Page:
Grażyna Bacewicz became involved in the organisation of the first and subsequent festivals, which benefited her own oeuvre. The first festival, in 1956, featured performances of three of her pieces: String Quartet No. 4, Overture for orchestra and Concerto for string orchestra. Until 1970 each festival featured one of her works. A few months after the death of the composer, her Violin Concerto No. 7 was performed at the 1969 Festival, but in the years that followed performances of her works at the Warsaw Autumn became less frequent, although the Concerto for String Orchestra was presented three more times (1972, 1976, 1983) after the first festival. The 1973 Warsaw Autumn featured a performance of her ballet Desire, without the ending written by Bogusław Madey. The Overture was heard at the festival for the second time in 1996. Music for Strings, Trumpets and Percussion was presented at the Warsaw Autumn for the first time in 1959, with two more performances following in 1964 and 1993. String Quartet No. 7, apart from the 1966 performance was heard again in 1987. In 1977 the orchestral In una parte was performed and in 1984 – Divertimento for string orchestra. Grażyna Bacewicz’s music was heard at the festival for the last time in 2006, during a quartet marathon, which featured her String Quartet No. 4. The choice of the piece, logical from the point of view of the concept of the entire project, was part of a bigger whole, in which Bacewicz’s music was just one of the elements.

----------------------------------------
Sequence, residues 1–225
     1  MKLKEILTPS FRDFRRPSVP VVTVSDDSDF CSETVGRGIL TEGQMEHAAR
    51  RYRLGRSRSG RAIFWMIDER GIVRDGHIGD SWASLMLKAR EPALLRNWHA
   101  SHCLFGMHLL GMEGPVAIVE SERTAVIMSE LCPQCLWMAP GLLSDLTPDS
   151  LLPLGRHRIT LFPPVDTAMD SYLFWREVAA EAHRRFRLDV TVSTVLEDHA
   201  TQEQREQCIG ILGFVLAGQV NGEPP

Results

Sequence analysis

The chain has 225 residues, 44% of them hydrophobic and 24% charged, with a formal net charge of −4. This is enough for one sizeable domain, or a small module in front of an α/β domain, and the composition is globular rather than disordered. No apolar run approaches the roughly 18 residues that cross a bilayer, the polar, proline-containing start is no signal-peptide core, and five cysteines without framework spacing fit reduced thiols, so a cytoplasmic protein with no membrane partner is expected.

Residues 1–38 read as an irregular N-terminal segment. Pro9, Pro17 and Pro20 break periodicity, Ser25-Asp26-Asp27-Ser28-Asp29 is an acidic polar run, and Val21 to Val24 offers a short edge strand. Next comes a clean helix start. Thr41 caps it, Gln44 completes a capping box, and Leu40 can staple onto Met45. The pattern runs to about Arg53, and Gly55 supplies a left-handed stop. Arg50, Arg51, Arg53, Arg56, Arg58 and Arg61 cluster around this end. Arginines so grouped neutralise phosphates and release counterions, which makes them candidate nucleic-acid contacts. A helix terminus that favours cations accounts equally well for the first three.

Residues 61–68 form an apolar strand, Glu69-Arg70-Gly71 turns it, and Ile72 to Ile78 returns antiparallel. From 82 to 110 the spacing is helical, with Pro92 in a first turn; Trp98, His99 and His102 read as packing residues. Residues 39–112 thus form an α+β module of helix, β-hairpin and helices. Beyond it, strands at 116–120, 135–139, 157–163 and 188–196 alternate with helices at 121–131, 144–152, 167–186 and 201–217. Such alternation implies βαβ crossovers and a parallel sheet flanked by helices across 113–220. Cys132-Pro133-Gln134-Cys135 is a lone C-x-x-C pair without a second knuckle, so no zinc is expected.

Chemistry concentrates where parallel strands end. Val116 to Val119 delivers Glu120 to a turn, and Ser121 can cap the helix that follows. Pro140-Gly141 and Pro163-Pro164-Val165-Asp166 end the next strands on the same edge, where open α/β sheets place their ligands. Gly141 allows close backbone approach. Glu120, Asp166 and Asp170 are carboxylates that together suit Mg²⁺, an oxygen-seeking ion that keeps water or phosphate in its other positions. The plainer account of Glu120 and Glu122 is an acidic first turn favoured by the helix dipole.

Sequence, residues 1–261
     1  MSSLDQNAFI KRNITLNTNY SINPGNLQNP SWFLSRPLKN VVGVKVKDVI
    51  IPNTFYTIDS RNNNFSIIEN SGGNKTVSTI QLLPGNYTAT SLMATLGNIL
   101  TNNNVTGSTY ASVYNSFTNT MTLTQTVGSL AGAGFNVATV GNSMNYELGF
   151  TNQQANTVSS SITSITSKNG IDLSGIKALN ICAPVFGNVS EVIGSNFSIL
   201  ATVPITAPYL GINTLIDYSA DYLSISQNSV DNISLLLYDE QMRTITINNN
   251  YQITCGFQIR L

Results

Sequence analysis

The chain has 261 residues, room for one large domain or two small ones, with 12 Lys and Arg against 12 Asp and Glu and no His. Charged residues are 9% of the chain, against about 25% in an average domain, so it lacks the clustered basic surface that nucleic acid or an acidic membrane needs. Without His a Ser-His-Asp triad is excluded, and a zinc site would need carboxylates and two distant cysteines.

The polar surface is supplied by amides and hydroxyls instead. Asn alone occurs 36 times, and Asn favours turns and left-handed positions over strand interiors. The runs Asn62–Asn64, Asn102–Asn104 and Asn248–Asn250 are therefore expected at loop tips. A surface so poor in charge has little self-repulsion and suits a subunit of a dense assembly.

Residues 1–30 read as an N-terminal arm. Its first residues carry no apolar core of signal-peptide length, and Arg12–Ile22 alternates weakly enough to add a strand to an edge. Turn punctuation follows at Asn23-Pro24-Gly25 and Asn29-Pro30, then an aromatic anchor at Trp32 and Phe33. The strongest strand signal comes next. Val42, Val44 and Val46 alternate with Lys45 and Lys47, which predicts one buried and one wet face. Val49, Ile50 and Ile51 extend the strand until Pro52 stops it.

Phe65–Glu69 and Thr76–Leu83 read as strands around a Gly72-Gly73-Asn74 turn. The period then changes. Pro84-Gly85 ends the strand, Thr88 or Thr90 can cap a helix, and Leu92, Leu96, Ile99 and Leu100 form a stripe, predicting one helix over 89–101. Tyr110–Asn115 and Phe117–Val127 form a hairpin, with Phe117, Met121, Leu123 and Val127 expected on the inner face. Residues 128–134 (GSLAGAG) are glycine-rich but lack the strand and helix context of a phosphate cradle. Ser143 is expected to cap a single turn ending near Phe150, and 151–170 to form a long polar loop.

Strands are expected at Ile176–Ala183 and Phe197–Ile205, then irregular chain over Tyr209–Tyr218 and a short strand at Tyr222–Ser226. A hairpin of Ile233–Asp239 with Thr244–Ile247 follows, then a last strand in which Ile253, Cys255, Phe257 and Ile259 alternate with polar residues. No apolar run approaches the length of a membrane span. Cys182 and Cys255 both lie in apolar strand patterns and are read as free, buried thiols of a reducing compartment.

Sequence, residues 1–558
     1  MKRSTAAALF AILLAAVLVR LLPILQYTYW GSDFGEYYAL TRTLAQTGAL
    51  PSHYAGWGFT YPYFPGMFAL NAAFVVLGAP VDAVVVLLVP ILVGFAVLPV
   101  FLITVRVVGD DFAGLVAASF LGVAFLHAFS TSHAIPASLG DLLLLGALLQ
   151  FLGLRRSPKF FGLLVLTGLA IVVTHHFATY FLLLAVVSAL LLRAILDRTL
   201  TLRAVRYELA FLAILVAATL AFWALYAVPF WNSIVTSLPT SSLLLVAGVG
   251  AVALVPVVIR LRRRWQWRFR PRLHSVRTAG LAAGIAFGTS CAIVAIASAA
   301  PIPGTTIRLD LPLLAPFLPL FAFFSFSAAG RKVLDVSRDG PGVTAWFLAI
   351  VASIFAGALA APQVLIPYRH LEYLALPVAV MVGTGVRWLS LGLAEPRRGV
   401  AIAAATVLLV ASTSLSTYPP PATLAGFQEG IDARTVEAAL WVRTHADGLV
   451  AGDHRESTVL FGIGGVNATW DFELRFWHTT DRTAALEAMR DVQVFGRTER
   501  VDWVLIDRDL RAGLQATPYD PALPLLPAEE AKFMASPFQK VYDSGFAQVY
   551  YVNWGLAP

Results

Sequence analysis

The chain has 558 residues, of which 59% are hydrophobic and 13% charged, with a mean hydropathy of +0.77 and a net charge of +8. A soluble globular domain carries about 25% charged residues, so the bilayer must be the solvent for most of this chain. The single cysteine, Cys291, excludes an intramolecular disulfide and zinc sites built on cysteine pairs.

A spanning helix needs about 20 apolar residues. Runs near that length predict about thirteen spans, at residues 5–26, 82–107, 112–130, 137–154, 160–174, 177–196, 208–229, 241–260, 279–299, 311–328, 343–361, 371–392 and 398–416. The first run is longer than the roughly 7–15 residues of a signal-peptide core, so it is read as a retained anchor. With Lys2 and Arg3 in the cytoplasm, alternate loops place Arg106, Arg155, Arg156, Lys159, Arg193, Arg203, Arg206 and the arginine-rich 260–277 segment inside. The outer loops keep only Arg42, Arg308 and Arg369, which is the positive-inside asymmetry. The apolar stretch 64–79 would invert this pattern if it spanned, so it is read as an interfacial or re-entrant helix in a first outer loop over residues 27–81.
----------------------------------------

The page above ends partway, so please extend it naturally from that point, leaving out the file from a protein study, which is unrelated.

From that moment Grażyna Bacewicz’s oeuvre was locked in a drawer labelled “classic”. And this did not fit in with the concept of the festival, which excluded even contemporary pieces that were reminiscences. As a matter of fact, Grażyna Bacewicz herself had a problem with describing her own place within the field referred to by the generalising name of “contemporary music”. She remained faithful to a specific system of values, she had her own style, but was too intelligent not to notice the changes brought about by the new generation of artists, who were not burdened with the mission of “catching up with Europe”, not to mention fighting the spectres of socialist realism. Nevertheless, she continued to score successes and enrich her sound language. In some pieces, e.g. the 1960 String Quartet No. 6, she came closer to serialism, and in a letter to her brother Vytautas, of 8 December 1962, she concluded melancholically:

Since music moves forward very quickly thanks to young composers, I know that I can only stand at the back, because I won’t outdo myself and true novelties will come from the young and not from me. But I’m not worried by this in the least. Everyone has their own place in this world. I do or, rather, would like to do what I can and that’s all.

Creative dilemmas and an attempt to overcome a crisis that could have affected Bacewicz with the emergence of a new generation of composers were described in his characteristic manner by Stefan Kisielewski in 1963:

Grażyna is too conscious an artist and her work is too monumental and consistently finished for her to suddenly panic like Rossini once did. On the other hand, she is too versatile musically, her ears are too open to everything not to be interested in what is new. There is still a long way to go before creative old age and ossification set in, so why not try to refresh her style while remaining herself. What suggests itself here is a path followed by many an ‘overtaken’ master: a path of compromise, that is synthesis. To introduce new, experimental paints or sets of paints into one’s palette – you can’t have too much of a good thing, can you!

Stefan Kisielewski, “Grażyna Bacewicz i jej czasy”, Kraków, 1963, p. 37.